The Machine

Capitalism is a great concept though there are some unjust while unscrupulous firms that exploit consumers. Ironically, these clients enter an agreement, but are often unaware of the small written details in minute (miniature) print that form a contract. Even if readable, often solicitors (lawyers) write in such a way that these intricate details are unfathomable (inscrutable).

The machine then can be compared to a mafioso type set-up, in which it abuses victims although the difference is that they do it legally instead of criminally. In other words, they’ve found a loophole which benefits them greatly though more often than not, dodgy (deceitful) accords are so long in length that clients either don’t read such extensive documentation until the end, or they confide in the seller.


One completely legal, but potentially criminally intent contract offered to customers in Brazil is credit cards. On the one hand, credit cards are extremely convenient for monetary purposes such as online purchases, buying from stores in monthly repayments, or facilitating outgoings by having available money on a card, as opposed to having to draw wads (piles) of cash from a machine which can be theft risky.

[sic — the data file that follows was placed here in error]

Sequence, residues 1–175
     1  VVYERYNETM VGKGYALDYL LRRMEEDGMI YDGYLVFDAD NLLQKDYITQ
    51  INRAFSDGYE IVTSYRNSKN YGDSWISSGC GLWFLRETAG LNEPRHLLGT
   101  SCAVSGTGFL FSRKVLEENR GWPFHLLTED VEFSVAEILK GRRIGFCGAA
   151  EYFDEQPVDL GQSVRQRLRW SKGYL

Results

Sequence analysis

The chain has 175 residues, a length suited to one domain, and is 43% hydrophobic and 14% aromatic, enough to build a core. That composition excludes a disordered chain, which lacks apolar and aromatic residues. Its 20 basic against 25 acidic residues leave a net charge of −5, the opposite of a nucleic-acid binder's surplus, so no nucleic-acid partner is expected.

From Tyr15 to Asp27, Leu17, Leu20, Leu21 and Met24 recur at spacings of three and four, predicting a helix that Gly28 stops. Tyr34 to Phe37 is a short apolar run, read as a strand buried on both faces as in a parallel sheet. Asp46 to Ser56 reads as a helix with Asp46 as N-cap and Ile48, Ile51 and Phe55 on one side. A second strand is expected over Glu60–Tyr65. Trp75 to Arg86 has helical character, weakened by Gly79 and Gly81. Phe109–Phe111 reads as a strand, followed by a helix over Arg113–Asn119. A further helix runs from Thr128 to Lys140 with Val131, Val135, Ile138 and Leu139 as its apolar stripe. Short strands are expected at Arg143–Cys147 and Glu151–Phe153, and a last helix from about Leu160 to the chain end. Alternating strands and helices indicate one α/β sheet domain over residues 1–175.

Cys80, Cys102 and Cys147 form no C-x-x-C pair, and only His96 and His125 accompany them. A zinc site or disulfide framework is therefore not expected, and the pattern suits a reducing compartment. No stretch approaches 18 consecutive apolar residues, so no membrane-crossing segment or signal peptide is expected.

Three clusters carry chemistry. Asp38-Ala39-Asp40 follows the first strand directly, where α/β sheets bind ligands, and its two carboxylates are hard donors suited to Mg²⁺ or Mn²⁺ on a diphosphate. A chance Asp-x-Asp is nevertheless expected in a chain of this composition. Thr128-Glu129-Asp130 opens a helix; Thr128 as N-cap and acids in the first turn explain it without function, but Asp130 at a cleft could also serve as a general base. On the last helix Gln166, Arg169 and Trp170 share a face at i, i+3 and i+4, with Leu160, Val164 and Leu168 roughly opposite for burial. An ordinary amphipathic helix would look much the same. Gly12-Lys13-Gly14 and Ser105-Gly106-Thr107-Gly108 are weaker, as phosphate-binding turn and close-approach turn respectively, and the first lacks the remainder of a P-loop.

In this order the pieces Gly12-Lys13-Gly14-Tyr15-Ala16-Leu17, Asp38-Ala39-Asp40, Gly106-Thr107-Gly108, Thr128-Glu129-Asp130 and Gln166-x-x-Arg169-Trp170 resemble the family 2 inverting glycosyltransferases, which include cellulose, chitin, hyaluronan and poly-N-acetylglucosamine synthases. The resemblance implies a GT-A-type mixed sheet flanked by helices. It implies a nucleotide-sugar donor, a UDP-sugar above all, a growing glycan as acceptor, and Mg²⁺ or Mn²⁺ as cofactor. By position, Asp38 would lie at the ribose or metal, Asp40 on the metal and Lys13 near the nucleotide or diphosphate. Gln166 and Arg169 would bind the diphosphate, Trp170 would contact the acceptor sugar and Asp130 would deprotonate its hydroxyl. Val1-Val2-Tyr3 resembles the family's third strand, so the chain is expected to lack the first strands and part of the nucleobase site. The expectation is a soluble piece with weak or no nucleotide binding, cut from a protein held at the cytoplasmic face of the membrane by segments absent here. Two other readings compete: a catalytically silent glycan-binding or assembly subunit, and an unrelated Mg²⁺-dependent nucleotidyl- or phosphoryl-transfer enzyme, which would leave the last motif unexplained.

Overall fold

Credit cards in Brazil have extremely high tariffs levied against clients if they pay late that can be as high as 875%. Without a shadow of doubt the Brazilian banking system exploits ordinary consumers. Whilst the banks have redefined their interest rates to reflect decreases in charges the method doesn’t facilitate late payers. In others countries, the interest rate doesn’t reach 90%. All other countries charge even less (see chart).


Ever since arriving in Brazil back in the 80s and learning of the credit card money laundering scheme available to clientele it has struck me as something the Brazilian authorities should have arbitrated to improve the country’s economic future. If dire circumstances are encountered then monthly payments cannot be met, and to worsen the situation credit card companies are only making matters worse.


By encouraging consumer spending it increases growth, satisfying customers, and helps manufacturing plants as well as business in general. In fact, practiced in the strongest economy in the world, the United States of America it is a tried and tested system that sustains economic growth.


Everyone says, ‘when in Rome act like a Roman’ i.e., follow their customs. So, I’ve kept my mouth shut all these years. However, the real problem lies in how the banks manipulate clients by promising them financial support, and then when they run into difficulties penalizing them the most.


The credit card scam has always been legal theft for those who pay late. Clients are being punished excessively beyond the financial possibilities of ordinary people with overpriced (extortionate) interest.


Written by Carl Boniface

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